OBSESSION IS AN UNWIELDY BEAST. It starts out small, a passing fancy, little more than a lark set in motion by a whim, and then it suddenly mutates into an all-consuming passion. I know as much as I do about Vikings thanks to an offhanded comment I made years ago in this very paper about how there ought to be a revival of Viking films, which led me to rent every Viking film on Scarecrow Video's shelves and purchase (and read!) several books about Viking history and mythology. Some obsessions turn out to be harmless and educational, like mine, while others can lead to prison (stalking), addiction (drug and alcohol abuse), and bankruptcy (gambling, filmmaking).

"Initially it started out as a five-month project, just to keep myself in filmmaking while I worked on my screenplays," says John Jeffcoat about his movie Bingo: The Documentary. "It was going to be a 15-minute short shot on 16mm, thanks to a grant from the King County Arts Commission."

That was nearly five years ago. Since then, he found a producer (Deryn Williams) to help with production duties, married her, and had a baby. Meanwhile, the more the pair learned about bingo culture, the bigger the project became. It grew from a short film, to an hour-long documentary made on film, to -- as digital video technology swept the nation -- a documentary that mixes film and digital video, all edited on a home computer. To finance this endeavor, Jeffcoat signed up for every credit card he could (before shooting his credit to hell), and Williams helped out by collecting on a couple of lawsuits (don't ask) and pawning the wedding ring from her first marriage.

Making a film is always a gamble -- the more you invest, the more you stand to lose -- but with Bingo: The Documentary, it looks like the gamble is going to pay off. The movie is a fun and informative look at this massive, yet strangely invisible, subculture. (According to one source, bingo is a $6-billion-a-year industry in North America alone; more people go to bingo halls than movie theaters.) The bingo parlor is a world unto itself where people go to socialize and gamble, or just to gamble; where ritual and superstition are just as important as luck.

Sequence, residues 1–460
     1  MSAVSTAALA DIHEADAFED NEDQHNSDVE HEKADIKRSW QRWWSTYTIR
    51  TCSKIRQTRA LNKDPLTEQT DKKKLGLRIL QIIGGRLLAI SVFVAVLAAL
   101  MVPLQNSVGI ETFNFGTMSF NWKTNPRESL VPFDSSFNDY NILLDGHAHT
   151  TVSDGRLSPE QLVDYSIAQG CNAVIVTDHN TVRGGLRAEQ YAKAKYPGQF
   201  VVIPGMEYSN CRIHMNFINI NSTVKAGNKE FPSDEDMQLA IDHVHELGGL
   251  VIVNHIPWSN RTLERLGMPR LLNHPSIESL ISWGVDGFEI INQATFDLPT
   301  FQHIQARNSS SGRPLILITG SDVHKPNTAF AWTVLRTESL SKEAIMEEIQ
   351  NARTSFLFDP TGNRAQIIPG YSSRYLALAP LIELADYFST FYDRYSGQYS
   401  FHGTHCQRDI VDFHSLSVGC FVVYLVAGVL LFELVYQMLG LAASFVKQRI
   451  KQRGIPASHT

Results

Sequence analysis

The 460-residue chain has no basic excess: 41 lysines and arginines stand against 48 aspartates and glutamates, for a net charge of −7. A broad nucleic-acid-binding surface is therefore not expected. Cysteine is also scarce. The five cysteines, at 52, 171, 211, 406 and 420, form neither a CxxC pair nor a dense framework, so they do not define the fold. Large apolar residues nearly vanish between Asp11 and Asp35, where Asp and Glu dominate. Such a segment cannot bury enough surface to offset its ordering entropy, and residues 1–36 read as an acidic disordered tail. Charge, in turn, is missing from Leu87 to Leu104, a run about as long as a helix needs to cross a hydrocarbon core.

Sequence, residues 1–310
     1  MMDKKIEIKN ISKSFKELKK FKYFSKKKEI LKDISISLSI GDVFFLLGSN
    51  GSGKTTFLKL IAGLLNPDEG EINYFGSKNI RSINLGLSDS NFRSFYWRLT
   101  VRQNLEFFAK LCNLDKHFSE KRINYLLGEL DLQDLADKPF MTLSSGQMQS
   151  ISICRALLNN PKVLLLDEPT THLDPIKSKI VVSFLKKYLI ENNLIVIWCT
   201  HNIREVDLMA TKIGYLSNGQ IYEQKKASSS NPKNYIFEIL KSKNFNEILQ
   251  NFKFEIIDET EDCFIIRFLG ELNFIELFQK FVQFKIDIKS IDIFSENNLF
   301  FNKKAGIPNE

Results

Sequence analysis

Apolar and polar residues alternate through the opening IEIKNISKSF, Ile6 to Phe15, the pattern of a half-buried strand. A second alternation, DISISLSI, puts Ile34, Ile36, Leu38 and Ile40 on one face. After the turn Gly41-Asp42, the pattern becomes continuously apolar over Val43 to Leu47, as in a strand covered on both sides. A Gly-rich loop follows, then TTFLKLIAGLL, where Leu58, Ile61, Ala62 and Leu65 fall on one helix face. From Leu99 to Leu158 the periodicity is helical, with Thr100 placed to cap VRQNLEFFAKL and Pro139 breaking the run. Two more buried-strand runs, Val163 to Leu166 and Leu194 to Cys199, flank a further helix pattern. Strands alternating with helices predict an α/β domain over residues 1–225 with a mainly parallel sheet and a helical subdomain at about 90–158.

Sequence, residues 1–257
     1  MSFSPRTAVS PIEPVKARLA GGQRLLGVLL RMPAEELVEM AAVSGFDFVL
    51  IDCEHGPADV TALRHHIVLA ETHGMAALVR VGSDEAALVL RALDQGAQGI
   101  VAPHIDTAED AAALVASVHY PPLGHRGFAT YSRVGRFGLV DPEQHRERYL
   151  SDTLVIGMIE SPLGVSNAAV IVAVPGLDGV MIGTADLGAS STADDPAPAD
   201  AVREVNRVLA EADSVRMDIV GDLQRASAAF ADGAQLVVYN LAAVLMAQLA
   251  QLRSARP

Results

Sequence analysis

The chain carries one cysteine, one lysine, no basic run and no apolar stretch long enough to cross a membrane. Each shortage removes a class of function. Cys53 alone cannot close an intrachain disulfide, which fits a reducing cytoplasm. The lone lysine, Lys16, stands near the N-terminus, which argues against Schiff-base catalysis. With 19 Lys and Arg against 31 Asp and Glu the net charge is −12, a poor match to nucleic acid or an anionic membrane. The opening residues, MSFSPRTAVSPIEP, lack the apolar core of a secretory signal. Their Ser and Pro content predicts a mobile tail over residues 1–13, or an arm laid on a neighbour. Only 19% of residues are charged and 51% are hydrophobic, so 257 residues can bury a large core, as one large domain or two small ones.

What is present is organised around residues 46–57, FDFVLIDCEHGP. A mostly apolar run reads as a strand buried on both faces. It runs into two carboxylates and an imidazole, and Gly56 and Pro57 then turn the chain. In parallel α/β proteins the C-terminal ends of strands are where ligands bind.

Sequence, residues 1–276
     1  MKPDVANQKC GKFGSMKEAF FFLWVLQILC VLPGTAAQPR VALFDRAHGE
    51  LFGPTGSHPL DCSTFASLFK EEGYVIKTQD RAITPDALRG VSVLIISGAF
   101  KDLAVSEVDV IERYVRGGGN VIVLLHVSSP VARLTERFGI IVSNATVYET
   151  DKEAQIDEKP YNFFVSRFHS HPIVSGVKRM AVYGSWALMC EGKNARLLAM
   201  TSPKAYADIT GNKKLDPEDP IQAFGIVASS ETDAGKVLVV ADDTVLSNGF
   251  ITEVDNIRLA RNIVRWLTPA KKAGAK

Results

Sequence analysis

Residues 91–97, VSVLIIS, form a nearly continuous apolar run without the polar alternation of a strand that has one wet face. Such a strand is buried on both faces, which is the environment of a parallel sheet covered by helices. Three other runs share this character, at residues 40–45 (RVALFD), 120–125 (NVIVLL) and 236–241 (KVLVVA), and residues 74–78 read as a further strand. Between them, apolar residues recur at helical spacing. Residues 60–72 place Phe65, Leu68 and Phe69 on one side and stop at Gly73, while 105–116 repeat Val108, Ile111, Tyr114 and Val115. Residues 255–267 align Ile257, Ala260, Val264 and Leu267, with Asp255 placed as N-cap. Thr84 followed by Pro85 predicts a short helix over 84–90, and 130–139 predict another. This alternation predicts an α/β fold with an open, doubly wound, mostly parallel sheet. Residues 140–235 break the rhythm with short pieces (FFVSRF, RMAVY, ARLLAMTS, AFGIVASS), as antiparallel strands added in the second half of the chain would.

The stereotypical bingo player is an elderly woman who smokes, and there's a reason for that -- a lot of bingo players are elderly women who smoke. There are also recovering addicts and welfare recipients (one man says you should hit the bingo halls near the end of the month, because welfare checks are delivered at the beginning of the month, and the halls fill up with people who have a little extra cash to spend). Bingo players learn a skill, and while it might not be a useful skill, they nevertheless can recognize numbers quickly, see bingo patterns right away, and play upwards of 40 cards at a time. Damn!

"You only have to win once and you're hooked," says one interviewee, and what everybody talks about is that rush you get when you are just one number away from a bingo. They compare it to fishing, jumping off a bridge tied to a bungee cord, or even having an orgasm. Williams says non-bingo players can't understand this, so she has demanded that every screening of the film at the Little Theatre be preceded by an actual bingo game (included in the price of admission), in which players can win anything from a $50 bottle of port and Godiva chocolates to T-shirts and copies of the video.

Like bowling, bingo has a '50s vibe to it; unlike bowling, bingo hasn't quite broken into the youth market. It keeps threatening to, though. The movie looks at relatively young upstarts like Seattle's Gay Bingo and a bar in New York where people play for drinks, while experts keep saying how it's just about to become popular with the kids. We'll see. Meanwhile, bingo remains a global phenomenon, and in Bingo Jeffcoat captures everything from the enormous British bingo palaces to the Carnival Cruise Bingo Ship. He also captures the loneliness of some of these bingo addicts and the feeling of security they get from being in a place where they feel they belong, not to mention the social (the gossip and hanging out) and antisocial (the quiet intensity of the players as they concentrate) aspects of the game.

The movie itself has found success in the lonely world of documentary films. It's been screened in several name festivals, including the Seattle International Film Festival and the Chicago International Film Festival; Matt Groening gave it a top prize when he was judging Portland's Northwest Film & Video Festival; and they just found out that their website www.bingothedocumentary.com> (which includes a bingo search engine to help you find the closest bingo parlor to your house, among other goodies) is a finalist in the South by Southwest off-shoot, the SXSW Multimedia Festival. Right now they're looking for television deals both in this country and abroad. Every sale is a rush, an orgasm, and they're on the brink of several more. All it takes is one win, one success, and you're hooked for life. Or at least until the next obsession comes along.

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